Our findings overwhelmingly point to the use of conventional weapons in a prohibited manner, specifically, the use of battlefield weaponry in densely populated civilian areas. Customary international law forbids the use of weapons calculated to cause unnecessary suffering. We found evidence that Israel used white phosphorus in extensively throughout its three-week offensive in a manner that led to numerous deaths and injuries. For example, Sabah Abu Halima, 45, lived in Beit Lahiya with her husband, seven boys, and one girl. It was midday and she and her entire family were at home. Within minutes she felt her home shaking and missiles fell through the rooftop. She fell to the ground upon impact. When she looked up she saw her children burning.
Preventing access to medical and humanitarian aid
Under customary international humanitarian law, the wounded are protected persons and must receive the medical care and attention required by their conditions, to the fullest extent practicable and with the least possible delay. Parties to a conflict are required to ensure the unhindered movement of medical personnel and ambulances to carry out their duties and of wounded persons to access medical care. Speaking to medical workers and the family of victims, NLG delegates documented serious violations of this provision. Among the stories documented include:
Al-Zeitoun neighborhood, which came under attack and invasion by ground forces on 3 January 2009. The Palestine Red Crescent Society received 145 calls from al-Zeitoun for help, but were denied entry by Israel. Bashar Ahmed Murad, Director of Emergency Medical Services for the Palestine Red Crescent Society told us that “a lot of people could have been saved, but hey weren’t given medical care by the Israelis, nor did the Israeli army allow Palestinian medical services in.” When paramedics were finally allowed to enter on 7 January, Israeli forces only gave them a three hour “lull” to work and prohibited ambulances into the area. Instead they forced paramedics park the ambulances two kilometers away and enter the area on foot. Murad told delegation members how they had to pile the wounded on donkey carts and have the medical workers pull the carts in order to help the most people possible in the short time they were given. After the three hours were over, the Israeli army started shooting toward the ambulances. The Red Crescent was not able to reach that area again to evacuate the dead until 17 January 2009 when the Israeli army pulled out.
On 16 January, Israeli forces shot at the jeep of Mohammed Shurrab, 64 years old, and two of his sons, Kassab and Ibrahim, aged 28 and 18, as they were returning from their fields. Mohammed was shot in the left arm and Ibrahim was shot in the leg. The elder son, Kassab, sustained a fatal bullet wound to the chest, being shot multiple times after he was ordered out of the car. Mohammed, bleeding from his wound, contacted the media, the International Committee of the Red Cross, and a number of non-governmental organizations via mobile phone in order to acquire medical assistance. Israeli forces denied medical relief agencies clearance to reach them until almost 24 hours after Mohammed, Ibrahim and Kassab had been shot. Earlier that morning, Ibrahim had succumbed to his wound and died. Mohammad Shurrab and his sons were shot during a so-called “lull” in Israeli ground operations, which Israeli forces had agreed to in order to allow humanitarian relief to enter and be distributed in the Gaza Strip. As such NLG delegates fail to see how this denial of medical access to the wounded Shurrab family could have been absolutely necessary and not simply arbitrary.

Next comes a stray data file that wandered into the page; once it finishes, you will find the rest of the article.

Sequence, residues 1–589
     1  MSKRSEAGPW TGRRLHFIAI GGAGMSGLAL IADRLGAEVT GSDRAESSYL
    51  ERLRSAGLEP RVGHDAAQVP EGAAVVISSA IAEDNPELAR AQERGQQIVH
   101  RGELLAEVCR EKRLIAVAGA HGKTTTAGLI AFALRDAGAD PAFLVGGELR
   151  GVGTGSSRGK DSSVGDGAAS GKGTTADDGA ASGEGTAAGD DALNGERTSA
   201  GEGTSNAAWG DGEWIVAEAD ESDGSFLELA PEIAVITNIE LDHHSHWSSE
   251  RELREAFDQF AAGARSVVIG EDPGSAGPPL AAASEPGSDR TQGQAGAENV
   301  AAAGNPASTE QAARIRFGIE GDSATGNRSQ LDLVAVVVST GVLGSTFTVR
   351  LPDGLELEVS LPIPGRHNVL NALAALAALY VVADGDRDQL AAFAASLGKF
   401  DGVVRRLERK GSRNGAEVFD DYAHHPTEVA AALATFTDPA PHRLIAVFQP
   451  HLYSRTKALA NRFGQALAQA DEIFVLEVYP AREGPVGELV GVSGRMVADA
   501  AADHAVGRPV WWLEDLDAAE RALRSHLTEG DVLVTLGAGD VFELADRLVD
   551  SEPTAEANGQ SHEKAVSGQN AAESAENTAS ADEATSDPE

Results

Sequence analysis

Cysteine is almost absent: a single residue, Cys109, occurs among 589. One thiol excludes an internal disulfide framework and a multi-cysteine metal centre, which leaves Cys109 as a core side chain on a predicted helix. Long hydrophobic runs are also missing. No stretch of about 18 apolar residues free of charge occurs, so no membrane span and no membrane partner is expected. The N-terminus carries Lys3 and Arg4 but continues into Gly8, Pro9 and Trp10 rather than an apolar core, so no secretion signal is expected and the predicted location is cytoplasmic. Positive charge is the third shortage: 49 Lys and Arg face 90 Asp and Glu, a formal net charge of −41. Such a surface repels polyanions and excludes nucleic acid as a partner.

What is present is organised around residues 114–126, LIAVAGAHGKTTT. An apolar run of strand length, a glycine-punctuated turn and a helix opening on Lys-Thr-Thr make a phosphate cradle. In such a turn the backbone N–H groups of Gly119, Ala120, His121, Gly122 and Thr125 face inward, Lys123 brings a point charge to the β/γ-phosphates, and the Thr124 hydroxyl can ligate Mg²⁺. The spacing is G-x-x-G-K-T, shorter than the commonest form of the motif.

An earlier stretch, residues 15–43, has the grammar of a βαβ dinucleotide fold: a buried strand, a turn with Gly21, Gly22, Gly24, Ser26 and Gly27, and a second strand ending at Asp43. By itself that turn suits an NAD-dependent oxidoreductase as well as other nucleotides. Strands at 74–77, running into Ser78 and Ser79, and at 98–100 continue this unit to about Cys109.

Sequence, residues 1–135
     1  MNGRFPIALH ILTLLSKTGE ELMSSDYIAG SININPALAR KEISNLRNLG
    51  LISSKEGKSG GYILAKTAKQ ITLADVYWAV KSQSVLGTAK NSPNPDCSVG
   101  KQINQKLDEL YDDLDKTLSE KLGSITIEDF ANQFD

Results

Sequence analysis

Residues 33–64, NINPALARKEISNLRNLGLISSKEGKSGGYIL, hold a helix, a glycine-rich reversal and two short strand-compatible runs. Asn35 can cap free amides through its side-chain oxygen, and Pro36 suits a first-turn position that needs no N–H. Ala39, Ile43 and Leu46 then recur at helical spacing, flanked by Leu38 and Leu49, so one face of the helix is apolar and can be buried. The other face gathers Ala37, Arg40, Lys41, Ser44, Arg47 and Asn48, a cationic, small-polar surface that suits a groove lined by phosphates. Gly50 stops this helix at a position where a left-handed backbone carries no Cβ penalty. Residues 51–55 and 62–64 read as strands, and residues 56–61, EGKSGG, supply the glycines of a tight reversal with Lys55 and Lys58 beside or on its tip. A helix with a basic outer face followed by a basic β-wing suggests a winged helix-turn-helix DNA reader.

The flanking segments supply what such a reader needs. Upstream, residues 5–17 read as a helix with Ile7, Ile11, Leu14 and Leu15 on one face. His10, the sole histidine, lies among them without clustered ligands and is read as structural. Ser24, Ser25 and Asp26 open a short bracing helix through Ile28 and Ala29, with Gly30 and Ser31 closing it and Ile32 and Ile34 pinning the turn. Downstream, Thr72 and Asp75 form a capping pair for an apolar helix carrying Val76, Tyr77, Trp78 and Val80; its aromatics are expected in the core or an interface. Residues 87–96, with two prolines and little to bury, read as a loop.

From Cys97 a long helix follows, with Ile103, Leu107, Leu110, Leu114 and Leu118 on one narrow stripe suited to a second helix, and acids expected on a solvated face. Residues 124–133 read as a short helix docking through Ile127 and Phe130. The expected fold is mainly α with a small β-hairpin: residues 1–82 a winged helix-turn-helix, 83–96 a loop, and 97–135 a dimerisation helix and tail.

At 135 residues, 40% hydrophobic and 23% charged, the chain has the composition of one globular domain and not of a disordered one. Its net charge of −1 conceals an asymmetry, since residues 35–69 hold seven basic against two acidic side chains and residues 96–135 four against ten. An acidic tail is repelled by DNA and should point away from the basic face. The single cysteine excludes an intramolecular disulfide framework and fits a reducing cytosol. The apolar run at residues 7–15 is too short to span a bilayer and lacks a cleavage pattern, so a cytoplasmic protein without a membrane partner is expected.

International humanitarian law also prohibits attacks on medical personnel, medical units and medical transports exclusively assigned to carry out medical functions. Delegate members saw ambulances seriously damaged and destroyed, some apparently deliberately crushed by Israeli tanks. The Palestine Red Crescent Society and the Palestinian Ministry of Health informed delegates that 15 Palestinian medics were killed and 21 injured in the course of Israel’s assault.
This delegation is seriously concerned by our initial findings. We have found strong indications of violations of the laws of war and possible war crimes committed by Israel in the Gaza Strip. We are particularly concerned that most of the weapons that were found used in the 27 December assault on Gaza are US-made and supplied. We believe that Israel’s use of these weapons may constitute a violation of US law, and particularly the Foreign Assistance Act and the US Arms Export Control Act.
A report of our initial findings will be compiled and submitted to, among others, members of the United States Congress. We intend to push for an investigation by the United States government into possible violations by Israel of US law. We also hope to contribute our finding and efforts to other efforts by local and international lawyers to push for accountability against those found responsible for the egregious crimes that we have documented.
Members of the legal delegation: Huwaida Arraf (New York, Washington DC), Noura Erekat (Washington DC), James Marc Leas (Vermont), Linda Mansour (Ohio), Rose Mishaan (California), Thomas Nelson (Oregon), Radhika Sainath (California) and Reem Salahi (California).